Synthetic-aperture radar (SAR) is a form of radar that is used to create two-dimensional images or three-dimensional reconstructions of objects, such as landscapes. SAR uses the motion of the radar antenna over a target region to provide finer spatial resolution than conventional beam-scanning radars. SAR is typically mounted on a moving platform, such as an aircraft or spacecraft, and has its origins in an advanced form of side looking airborne radar (SLAR). The distance the SAR device travels over a target in the time taken for the radar pulses to return to the antenna creates the large synthetic antenna aperture. Typically, the larger the aperture, the higher the image resolution will be, regardless of whether the aperture is physical or synthetic – this allows SAR to create high-resolution images with comparatively small physical antennas.
In pulsed radar and sonar signal processing, an ambiguity function is a two-dimensional function of time delay and Doppler frequency showing the distortion of a returned pulse due to the receiver matched filter due to the Doppler shift of the return from a moving target. The ambiguity function is determined by the properties of the pulse and the matched filter, and not any particular target scenario. Many definitions of the ambiguity function exist; Some are restricted to narrowband signals and others are suitable to describe the propagation delay and Doppler relationship of wideband signals. Often the definition of the ambiguity function is given as the magnitude squared of other definitions (Weiss). For a given complex baseband pulse , the narrowband ambiguity function is given by
Beamforming or spatial filtering is a signal processing technique used in sensor arrays for directional signal transmission or reception. This is achieved by combining elements in an antenna array in such a way that signals at particular angles experience constructive interference while others experience destructive interference. Beamforming can be used at both the transmitting and receiving ends in order to achieve spatial selectivity. The improvement compared with omnidirectional reception/transmission is known as the directivity of the array.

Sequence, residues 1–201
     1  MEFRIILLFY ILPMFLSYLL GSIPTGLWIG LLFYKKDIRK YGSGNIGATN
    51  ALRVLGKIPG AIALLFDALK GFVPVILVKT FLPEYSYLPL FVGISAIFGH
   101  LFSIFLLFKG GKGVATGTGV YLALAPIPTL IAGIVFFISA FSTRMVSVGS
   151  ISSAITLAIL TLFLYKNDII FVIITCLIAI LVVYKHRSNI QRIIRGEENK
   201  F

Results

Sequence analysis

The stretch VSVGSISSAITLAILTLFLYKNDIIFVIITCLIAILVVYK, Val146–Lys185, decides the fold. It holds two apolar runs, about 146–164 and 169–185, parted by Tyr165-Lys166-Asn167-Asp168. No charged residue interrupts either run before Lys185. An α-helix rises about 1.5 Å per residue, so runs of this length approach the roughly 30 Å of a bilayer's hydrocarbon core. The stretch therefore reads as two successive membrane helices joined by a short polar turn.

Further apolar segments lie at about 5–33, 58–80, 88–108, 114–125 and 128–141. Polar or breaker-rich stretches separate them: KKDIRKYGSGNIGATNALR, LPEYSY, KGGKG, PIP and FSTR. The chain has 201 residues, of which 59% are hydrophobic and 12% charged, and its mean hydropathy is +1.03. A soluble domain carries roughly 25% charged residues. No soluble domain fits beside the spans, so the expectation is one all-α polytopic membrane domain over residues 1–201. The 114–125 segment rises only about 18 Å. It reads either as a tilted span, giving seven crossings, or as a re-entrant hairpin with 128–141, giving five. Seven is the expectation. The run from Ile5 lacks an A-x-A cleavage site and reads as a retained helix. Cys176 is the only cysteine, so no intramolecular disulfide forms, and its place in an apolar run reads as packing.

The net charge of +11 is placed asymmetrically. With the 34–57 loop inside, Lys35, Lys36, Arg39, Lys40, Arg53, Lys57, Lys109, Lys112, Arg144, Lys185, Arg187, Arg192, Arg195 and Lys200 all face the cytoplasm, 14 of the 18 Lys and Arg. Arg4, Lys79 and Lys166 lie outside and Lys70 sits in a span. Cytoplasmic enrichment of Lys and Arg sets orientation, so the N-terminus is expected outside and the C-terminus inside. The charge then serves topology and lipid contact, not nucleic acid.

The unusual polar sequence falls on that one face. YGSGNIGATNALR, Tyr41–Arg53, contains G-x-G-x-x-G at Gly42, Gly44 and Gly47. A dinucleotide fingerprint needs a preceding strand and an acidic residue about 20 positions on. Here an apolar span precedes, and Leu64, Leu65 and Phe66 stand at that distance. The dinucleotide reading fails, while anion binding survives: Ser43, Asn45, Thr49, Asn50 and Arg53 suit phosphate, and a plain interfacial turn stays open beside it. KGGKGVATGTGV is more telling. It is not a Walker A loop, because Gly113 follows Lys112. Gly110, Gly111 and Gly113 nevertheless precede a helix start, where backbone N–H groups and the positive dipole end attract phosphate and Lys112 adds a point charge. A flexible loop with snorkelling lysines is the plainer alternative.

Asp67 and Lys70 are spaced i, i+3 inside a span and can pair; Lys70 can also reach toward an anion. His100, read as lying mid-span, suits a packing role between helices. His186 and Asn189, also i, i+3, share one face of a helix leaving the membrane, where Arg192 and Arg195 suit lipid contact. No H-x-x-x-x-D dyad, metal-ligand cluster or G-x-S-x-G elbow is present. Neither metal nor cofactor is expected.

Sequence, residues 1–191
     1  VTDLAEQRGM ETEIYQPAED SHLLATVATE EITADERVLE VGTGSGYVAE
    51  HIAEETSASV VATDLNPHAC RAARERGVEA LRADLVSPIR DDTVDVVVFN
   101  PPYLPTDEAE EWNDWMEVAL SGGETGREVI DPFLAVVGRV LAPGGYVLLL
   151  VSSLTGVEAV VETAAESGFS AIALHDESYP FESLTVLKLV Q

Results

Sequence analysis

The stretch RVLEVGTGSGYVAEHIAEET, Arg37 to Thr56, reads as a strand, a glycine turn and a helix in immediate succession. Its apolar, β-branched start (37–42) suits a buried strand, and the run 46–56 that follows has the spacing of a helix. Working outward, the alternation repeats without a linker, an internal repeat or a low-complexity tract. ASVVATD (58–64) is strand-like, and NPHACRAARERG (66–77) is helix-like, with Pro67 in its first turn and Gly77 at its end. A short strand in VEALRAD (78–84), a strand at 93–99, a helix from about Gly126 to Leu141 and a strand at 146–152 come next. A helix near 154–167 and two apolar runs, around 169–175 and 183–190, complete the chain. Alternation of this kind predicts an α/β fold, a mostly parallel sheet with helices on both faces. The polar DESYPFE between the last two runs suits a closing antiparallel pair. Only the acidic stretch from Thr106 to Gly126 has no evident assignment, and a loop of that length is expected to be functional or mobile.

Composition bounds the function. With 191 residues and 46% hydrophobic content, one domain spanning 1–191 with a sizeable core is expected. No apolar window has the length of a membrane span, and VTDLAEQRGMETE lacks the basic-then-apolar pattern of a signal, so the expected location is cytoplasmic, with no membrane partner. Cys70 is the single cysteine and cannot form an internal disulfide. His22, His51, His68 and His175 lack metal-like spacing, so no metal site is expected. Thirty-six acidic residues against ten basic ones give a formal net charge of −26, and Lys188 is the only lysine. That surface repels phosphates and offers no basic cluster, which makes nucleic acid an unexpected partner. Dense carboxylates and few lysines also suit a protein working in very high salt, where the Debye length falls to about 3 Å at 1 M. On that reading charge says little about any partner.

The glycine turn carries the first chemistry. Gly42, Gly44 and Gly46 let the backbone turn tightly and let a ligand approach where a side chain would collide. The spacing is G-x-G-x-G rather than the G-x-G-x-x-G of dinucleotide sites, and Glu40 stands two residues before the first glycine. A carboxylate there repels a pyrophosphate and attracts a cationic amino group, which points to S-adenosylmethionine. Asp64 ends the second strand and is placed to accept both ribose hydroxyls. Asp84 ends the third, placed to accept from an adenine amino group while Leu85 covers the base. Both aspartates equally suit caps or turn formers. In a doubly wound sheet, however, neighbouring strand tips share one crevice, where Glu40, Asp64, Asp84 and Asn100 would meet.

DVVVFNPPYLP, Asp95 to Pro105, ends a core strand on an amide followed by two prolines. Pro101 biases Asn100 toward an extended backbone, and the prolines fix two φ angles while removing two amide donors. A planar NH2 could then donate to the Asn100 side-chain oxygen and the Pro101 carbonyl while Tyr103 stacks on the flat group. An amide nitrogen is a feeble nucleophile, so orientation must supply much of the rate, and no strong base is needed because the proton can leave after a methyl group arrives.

Passive radar systems encompass a class of radar systems that detect and track objects by processing reflections from non-cooperative sources of illumination in the environment, such as commercial broadcast and communications signals. It is a specific case of bistatic radar, the latter also including the exploitation of cooperative and non-cooperative radar transmitters.
In wireless communications, channel state information (CSI) refers to known channel properties of a communication link. This information describes how a signal propagates from the transmitter to the receiver and represents the combined effect of, for example, scattering, fading, and power decay with distance. The method is called Channel estimation. The CSI makes it possible to adapt transmissions to current channel conditions, which is crucial for achieving reliable communication with high data rates in multiantenna systems.
Carrier Interferometry(CI) is a spread spectrum scheme designed to be used in an Orthogonal Frequency-Division Multiplexing (OFDM) communication system for multiplexing and multiple access, enabling the system to support multiple users at the same time over the same frequency band.
Active sensory systems are sensory receptors that are activated by probing the environment with self-generated energy. Examples include echolocation of bats and dolphins and insect antennae. Using self-generated energy allows more control over signal intensity, direction, timing and spectral characteristics. By contrast, passive sensory systems involve activation by ambient energy. For example, human vision relies on using light from the environment.
Lee Swindlehurst is an electrical engineer who has made contributions in sensor array signal processing for radar and wireless communications, detection and estimation theory, and system identification, and has received many awards in these areas. He is currently a Professor of Electrical Engineering and Computer Science at the University of California at Irvine.